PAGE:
Introduction: Arduino101-Intel Curie Pattern Matching Dress
More tech-fashion designs, see www.kittyyeung.com
This project was first published in Hackster.io here.
I improved the electrical circuit from the first version. This instructable is showing the crafty portion of the project - how the LEDs are attached to the cloth and how to make them durable.
I'm an engineer and artist who enjoys projects that combine science and arts. I've been making dress designs with microcontrollers embedded in so that certain functionality of electronic components can be used to enhance the design theme. For this project, I want to use the pattern matching engine (PME) and the accelerometer inside Intel Curie on Arduino 101. Curie is made for PME applications as it has neural network capability but there hasn't been a lot of PME examples out there. I hope this example may inspire you to extract Curie's PME capability.
The dress uses a page of my graphic novel as the fabric. A scientist and her robot are looking into the telescope. As the wearer draws a pattern in the air, a set of LEDs arranged in the shape of constellations will shine in the night sky on the fabric.
Step 1: Position the LEDs
I used a NeoPixel strip from Adafruit and cut it up into pieces and arranged them into the shapes of constellations. Feel free to use other types of LEDs such as the individual RGB LEDs. Glue or sew them onto the base fabric.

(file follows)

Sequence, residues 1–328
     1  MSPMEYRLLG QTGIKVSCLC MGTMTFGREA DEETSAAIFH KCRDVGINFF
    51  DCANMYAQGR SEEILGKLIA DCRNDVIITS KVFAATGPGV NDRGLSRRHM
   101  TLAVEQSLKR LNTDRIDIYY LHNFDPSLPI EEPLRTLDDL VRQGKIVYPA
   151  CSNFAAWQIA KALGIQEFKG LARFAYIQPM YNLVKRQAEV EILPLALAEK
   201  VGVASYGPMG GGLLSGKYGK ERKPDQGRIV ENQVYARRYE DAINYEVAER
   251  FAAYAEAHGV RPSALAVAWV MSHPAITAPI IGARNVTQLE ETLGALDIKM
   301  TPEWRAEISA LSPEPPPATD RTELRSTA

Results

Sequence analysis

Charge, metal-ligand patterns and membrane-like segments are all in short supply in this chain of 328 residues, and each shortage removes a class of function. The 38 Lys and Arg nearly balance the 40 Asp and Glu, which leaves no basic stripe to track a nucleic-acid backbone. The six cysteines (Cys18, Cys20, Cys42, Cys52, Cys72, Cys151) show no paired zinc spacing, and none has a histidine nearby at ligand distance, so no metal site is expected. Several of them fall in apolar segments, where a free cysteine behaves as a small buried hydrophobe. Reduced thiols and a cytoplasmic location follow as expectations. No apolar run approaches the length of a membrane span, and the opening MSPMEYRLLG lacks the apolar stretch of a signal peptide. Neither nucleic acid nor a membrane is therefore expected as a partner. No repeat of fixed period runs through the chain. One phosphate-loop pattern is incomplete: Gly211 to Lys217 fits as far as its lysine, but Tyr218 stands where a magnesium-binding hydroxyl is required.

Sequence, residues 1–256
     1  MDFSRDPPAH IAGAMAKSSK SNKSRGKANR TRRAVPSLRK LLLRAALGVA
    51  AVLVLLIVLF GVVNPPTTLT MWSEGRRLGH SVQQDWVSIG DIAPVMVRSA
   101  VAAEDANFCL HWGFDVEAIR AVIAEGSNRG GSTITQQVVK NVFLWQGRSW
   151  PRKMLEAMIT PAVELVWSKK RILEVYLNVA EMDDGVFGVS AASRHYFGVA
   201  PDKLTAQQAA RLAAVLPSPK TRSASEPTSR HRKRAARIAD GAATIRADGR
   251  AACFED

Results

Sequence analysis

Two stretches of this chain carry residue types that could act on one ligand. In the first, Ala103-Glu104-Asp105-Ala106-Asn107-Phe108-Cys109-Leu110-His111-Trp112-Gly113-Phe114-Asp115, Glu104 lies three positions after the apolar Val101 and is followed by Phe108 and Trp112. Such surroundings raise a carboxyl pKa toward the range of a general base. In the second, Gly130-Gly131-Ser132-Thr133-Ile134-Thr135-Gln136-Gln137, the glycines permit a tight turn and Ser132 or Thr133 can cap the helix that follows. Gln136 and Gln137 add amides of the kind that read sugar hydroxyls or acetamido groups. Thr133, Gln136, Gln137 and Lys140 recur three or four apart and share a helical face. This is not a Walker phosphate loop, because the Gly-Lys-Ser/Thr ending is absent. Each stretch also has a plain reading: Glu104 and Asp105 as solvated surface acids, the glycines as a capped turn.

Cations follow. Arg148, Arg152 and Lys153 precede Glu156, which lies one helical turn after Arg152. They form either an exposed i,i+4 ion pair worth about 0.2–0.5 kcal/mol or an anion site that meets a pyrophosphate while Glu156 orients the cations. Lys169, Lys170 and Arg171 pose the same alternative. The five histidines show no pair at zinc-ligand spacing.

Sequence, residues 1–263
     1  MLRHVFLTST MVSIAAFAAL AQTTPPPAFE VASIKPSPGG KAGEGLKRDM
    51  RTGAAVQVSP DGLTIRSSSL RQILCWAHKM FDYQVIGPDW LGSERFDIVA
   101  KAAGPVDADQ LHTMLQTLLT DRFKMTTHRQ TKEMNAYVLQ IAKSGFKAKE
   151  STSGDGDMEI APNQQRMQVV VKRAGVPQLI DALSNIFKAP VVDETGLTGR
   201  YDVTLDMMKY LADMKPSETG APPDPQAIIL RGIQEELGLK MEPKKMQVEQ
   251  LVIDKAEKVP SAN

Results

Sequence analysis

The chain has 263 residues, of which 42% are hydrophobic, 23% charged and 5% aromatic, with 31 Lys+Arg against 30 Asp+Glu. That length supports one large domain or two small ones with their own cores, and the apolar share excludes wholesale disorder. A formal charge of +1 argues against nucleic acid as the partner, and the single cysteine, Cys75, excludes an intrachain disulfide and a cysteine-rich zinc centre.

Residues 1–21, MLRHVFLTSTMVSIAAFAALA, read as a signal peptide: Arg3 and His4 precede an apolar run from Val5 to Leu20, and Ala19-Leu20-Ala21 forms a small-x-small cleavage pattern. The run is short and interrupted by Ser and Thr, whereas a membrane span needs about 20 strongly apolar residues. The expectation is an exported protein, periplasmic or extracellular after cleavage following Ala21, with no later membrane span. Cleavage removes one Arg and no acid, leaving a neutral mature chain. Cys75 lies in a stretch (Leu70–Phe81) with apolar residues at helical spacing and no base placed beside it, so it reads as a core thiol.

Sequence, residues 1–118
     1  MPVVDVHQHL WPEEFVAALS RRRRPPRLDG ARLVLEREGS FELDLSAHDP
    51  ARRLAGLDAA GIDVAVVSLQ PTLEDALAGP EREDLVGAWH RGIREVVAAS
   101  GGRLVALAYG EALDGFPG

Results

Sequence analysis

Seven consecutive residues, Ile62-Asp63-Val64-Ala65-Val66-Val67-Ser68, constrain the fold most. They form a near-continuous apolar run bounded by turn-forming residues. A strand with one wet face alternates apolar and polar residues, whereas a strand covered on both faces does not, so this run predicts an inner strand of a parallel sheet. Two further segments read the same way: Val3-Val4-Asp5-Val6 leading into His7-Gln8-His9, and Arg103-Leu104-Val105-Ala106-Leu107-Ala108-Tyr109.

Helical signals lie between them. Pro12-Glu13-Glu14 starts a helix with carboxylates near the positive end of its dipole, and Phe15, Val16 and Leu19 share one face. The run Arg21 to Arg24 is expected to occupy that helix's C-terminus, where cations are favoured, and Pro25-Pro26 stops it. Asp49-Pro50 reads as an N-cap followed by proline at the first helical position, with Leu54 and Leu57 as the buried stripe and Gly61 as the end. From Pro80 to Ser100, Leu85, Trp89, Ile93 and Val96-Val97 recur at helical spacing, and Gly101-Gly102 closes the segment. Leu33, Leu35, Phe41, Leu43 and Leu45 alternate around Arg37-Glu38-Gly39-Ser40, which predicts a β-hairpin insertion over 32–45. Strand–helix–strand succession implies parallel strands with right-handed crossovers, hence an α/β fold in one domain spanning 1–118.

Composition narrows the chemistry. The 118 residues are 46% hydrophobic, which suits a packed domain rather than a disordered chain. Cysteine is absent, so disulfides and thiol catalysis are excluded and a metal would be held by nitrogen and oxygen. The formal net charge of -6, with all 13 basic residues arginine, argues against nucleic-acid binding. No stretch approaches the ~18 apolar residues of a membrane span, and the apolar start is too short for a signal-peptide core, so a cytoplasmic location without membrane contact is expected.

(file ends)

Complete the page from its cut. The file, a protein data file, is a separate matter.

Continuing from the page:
Felt is a nice type of thick fabric that gives structure and works well with hot glue. Arrange the LEDs into respective positions so that when they light up, their positions reflect stars in constellations.
Step 2: Plan the LEDs and Wires
Glue the LED stripes onto felt at a few points. Do not put glue under the whole strip because you need some leeway to slide heat-shrink tubes around, as shown in the figure. Cut stranded wires into the right lengths and place them onto their relative positions on the same piece of felt. I would recommend not to hot glue the wires just yet. My figure here is a blunder in that respect. Rather, it is better to hold the wires in their positions with temporary tape so that when you solder the wires to the LEDs, the wire positions can be adjusted.
Step 3: Make All Pieces Ready to Sew
The figure shows that I prepared four constellations (Orion, Big Dipper, Cygnus and Cassiopeia) onto four separate pieces. After soldering and heat-shrink around the soldered joints, you can glue everything tightly onto the felt.
Test your circuit before going further! Can just do a NeoPixel Strandtest for each trace.
In parallel (figuratively), make the dress. After you test the circuit, sew the base fabrics with the LEDs onto the inside of the dress. LEDs will shine through the graphics.
Now glue or sew the felt pieces onto the dress behind the front graphic layer.
As you can see, the Arduino 101 is in my hand. There are long wires connecting the LEDs and the board, which are hidden in the sleeve.
Step 4: Arduino IDE
Make sure that your Arduino IDE is the latest version and has Curie PME library. I'd recommend using the Arduino Web Editor.
The code will give you information on how the board is programmed. After you flash the code, train the neurons first so they learn which patterns are there.
This is using the Curie PME to control LEDs. It's basically a combination of the Draw in the Air PME code and the Adafruit NeoPixel example code. This code is not exactly what I used (which is a bit complex) as I doubt you'll make the exact same kind of constellation arrangement. Rather, here is a generic code which you can modify to personalize your need, e.g. you can change how to distribute the pins for different LED strips. I may update it with an improved code later.
Step 5: Schematics
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